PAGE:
One thing you may not suspect about me is that I have many liberal friends, not all of whom are religious. In fact, many of them are anything but.
This story is just the kind they like to ask questions about. Come on, they'll say to me. You don't think that really happened, do you?
The answer I give them, though not in so many words: you think too hard.
It's not that thinking about scripture is wrong. Far from it; I encourage people to study and dig into what they've read. But it is possible, I think, to miss the forest for the trees.
This scripture is a perfect example of what I mean. If you focus too hard on the mechanics (how could those loaves and fishes have made it all the way around the crowd?), you lose sight of the real point of the story, which is that God provides for those who have nothing, and asks us to do the same.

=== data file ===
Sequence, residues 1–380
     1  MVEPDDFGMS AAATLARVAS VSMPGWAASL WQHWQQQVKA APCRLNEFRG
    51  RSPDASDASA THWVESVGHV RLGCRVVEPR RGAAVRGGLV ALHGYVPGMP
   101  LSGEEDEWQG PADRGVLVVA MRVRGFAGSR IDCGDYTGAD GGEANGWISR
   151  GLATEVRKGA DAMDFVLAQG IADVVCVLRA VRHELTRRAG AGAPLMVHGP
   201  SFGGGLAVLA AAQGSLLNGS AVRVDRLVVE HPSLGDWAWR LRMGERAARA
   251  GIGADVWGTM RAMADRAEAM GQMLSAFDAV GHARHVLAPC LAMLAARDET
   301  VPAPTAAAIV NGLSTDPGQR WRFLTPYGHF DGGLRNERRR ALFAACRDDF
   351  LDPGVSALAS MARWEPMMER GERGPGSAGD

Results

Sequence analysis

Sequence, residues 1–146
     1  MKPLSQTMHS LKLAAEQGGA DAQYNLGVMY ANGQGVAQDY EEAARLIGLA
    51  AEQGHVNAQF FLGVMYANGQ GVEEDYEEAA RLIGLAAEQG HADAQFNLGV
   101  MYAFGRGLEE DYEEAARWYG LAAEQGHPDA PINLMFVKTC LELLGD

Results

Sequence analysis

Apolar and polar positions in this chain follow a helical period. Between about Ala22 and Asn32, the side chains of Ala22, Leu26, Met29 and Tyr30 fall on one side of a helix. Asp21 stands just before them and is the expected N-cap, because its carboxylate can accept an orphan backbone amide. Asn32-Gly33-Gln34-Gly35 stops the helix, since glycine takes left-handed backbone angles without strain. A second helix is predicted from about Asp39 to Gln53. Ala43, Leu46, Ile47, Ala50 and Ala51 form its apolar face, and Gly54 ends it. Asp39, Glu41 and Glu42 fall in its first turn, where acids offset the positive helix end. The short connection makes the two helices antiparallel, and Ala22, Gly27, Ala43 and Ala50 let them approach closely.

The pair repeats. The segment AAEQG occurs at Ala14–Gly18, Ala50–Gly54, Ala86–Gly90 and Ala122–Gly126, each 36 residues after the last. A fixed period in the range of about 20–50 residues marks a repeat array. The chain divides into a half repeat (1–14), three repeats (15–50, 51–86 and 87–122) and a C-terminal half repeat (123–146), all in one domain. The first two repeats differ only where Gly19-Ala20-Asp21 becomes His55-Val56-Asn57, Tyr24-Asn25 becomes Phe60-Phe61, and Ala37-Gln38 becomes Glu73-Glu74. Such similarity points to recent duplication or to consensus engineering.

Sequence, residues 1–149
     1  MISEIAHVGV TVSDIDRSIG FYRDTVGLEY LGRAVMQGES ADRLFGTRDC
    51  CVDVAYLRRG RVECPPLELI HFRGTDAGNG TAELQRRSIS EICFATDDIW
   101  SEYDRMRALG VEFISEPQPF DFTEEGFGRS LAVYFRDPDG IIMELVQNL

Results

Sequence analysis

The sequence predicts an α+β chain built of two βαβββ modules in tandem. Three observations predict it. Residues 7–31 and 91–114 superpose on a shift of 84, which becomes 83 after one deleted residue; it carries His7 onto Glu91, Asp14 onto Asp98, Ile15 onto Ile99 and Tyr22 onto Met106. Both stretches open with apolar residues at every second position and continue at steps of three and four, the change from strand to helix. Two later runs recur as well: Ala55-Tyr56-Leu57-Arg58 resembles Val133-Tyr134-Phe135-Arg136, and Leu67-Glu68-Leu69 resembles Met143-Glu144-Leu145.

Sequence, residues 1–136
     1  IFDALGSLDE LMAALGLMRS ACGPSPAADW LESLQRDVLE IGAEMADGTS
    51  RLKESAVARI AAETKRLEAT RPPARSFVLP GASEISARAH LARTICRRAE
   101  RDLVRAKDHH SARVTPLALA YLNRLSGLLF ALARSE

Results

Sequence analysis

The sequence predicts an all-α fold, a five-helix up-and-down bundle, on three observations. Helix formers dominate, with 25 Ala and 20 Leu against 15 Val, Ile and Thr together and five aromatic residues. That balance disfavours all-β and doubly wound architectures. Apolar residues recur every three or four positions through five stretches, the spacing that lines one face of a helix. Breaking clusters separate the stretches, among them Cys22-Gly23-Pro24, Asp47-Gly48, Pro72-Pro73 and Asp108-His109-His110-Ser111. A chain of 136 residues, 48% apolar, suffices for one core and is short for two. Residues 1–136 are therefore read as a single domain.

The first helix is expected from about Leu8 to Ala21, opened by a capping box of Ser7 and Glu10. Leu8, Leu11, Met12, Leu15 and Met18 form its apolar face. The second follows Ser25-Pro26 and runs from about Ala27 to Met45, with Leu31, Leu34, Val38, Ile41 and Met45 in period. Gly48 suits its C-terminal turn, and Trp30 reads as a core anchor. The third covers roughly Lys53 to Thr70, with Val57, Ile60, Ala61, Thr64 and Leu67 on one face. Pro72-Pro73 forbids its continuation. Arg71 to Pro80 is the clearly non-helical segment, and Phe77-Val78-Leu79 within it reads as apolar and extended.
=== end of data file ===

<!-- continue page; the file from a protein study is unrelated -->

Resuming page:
So did Jesus really feed 5,000 men, plus uncounted women and children?
All I can tell you is that something happened. This story is mentioned in all four gospels, which is usually taken as a sign of high importance in Biblical studies. It's also mentioned in a variant form in Matthew and Mark (where there are 4,000 instead of 5,000 in the crowd). So you know there's something significant going on here.
But what exactly, we can't say for sure. The history of that day is simply not available to us.
To focus on whether or not this story transpired exactly as it is described here is also to miss some of the story's richness as literature.
What do I mean by that? Well, if you look at the Old Testament book II Kings, for example, you'll read this:
A man came...bringing food from the first fruits to the man of God: twenty loaves of barley and fresh ears of grain in his sack. Elisha said, "Give it to the people and let them eat." But his servant said, "How can I set this before a hundred people?" So he repeated, "Give it to the people and let them eat, for thus says the LORD, 'They shall eat and have some left.'" He set it before them, they ate, and had some left, according to the word of the LORD.